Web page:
“Sources cite the first ‘school provided meal’ [gakko kyūshoku] to have begun in Tsuruoka City, Yamagata Prefecture, in 1889. The notion of meals at school directly correlates with the cultural and political changes sweeping Japan at the end of the 19th century. The advent of school lunch in Tsuruoka relates directly to the propagation of fukoku kyōhei [‘Rich Country, Strong Army’] and the national effort to rear strong, healthy, and capable citizens.
“School lunch was usually comprised almost entirely of local flavors and traditional products. As no official government mandate was sanctioned until the 1930s, school lunch until then was largely an ad-hoc affair. Correspondingly, communities banded together to provide meals for the school children, offering what made the most sense. Although meal types and portions differed from prefecture to prefecture, the typical 1890s and 1900s menu usually included plain salted rice balls, pickles and a piece of fish.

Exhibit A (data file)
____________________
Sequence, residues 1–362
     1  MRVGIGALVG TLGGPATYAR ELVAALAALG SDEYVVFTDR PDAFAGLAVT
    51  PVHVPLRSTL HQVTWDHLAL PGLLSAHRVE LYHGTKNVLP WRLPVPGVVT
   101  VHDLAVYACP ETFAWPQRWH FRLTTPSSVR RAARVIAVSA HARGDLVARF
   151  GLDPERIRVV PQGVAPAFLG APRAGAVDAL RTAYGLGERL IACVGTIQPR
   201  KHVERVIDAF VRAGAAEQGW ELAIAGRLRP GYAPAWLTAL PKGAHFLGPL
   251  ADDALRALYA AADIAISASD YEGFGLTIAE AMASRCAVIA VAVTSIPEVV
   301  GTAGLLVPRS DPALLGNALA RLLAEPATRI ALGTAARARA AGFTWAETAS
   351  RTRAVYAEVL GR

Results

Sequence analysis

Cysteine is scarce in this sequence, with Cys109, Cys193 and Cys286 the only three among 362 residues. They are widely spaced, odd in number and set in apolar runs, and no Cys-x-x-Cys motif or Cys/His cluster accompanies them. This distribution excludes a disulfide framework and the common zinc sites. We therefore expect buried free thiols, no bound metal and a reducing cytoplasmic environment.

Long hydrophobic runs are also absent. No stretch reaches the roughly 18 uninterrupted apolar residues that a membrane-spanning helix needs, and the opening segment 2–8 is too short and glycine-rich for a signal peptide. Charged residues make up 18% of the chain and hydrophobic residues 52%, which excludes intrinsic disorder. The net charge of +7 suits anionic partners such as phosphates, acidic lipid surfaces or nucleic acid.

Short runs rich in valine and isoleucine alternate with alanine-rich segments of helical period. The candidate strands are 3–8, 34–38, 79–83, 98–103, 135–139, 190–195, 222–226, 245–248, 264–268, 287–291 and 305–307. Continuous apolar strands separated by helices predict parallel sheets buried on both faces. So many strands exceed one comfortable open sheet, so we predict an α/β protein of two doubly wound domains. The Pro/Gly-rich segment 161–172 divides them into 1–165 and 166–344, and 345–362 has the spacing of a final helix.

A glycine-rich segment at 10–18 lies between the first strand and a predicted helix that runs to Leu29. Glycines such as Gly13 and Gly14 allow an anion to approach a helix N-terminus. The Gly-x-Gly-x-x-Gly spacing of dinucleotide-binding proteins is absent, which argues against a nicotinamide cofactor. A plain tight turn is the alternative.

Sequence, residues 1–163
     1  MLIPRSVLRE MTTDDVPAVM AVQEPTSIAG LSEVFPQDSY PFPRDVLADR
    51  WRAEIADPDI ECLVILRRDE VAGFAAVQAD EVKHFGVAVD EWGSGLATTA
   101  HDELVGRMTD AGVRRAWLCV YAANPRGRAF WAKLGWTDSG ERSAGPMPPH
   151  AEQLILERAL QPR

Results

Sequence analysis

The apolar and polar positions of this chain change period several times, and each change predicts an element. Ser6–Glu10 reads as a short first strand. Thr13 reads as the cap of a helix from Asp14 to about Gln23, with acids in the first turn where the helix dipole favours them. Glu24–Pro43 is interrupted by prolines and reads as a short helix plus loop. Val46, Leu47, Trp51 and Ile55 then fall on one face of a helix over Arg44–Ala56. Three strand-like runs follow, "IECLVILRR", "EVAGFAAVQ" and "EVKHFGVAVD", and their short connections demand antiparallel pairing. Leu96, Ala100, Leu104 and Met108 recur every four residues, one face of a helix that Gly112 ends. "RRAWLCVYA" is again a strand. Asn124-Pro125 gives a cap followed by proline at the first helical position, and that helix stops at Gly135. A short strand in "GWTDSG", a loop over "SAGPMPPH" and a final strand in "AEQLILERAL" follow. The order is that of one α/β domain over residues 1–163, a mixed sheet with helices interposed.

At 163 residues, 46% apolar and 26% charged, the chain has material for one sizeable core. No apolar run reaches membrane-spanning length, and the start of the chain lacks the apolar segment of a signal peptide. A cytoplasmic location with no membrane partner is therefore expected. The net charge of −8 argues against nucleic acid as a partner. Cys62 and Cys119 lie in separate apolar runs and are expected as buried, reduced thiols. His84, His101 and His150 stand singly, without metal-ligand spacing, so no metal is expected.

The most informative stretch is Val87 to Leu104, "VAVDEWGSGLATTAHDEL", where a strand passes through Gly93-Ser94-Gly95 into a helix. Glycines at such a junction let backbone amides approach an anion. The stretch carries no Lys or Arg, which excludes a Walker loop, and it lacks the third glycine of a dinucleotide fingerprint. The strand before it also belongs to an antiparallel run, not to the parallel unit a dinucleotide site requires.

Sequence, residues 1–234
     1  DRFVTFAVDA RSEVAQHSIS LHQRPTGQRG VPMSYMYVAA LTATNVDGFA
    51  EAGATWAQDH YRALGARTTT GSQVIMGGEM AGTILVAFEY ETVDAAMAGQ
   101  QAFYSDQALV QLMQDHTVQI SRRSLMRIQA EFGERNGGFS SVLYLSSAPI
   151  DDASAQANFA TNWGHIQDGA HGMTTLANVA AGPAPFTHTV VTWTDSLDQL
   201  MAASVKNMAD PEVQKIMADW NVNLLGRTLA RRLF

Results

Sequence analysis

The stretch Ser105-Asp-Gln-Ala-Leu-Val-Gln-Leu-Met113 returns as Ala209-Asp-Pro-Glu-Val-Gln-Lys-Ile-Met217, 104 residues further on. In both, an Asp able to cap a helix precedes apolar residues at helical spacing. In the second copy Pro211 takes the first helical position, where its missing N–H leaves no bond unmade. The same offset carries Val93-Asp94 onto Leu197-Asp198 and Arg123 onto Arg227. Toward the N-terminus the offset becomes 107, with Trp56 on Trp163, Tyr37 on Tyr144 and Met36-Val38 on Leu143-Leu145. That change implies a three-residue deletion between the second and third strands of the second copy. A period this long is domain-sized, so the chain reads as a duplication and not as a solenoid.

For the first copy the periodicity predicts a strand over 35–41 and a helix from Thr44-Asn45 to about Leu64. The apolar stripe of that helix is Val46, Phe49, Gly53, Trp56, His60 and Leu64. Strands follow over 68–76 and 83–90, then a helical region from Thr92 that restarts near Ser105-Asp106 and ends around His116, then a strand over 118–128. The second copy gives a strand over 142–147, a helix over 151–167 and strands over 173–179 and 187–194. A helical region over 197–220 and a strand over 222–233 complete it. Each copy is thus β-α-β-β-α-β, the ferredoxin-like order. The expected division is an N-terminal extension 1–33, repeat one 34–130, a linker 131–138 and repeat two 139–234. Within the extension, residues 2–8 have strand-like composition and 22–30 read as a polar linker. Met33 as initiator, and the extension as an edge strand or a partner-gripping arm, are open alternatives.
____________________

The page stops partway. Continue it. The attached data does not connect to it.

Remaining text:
“It seems no coincidence that the first school lunch was implemented in northeast Tōhoku – a region that had suffered a devastating crop failure the same year (1889). With many families impoverished and their livelihoods destroyed, obtaining enough food became problematic. In an effort to stave off starvation and general rioting, the government increased its imports of grains to offset the rice deficiency.
“Furthermore, many areas in the Northeast region were still recovering from the devastating 1886 Meiji-Sanriku earthquake and the tsunami which wiped out many coastal and agrarian industries. Due to the severity of natural disasters in Northeastern Japan, it is likely that the first kyūshoku arose not only for nationalistic purposes, but also as a reaction to the unreliable availability of food, a method to relieve parents and ensure stable food sources for their children when at school.”
– Flavoring the Nation: School Lunch in Japan, Alexis Agliano Sanborn, Harvard University, 2013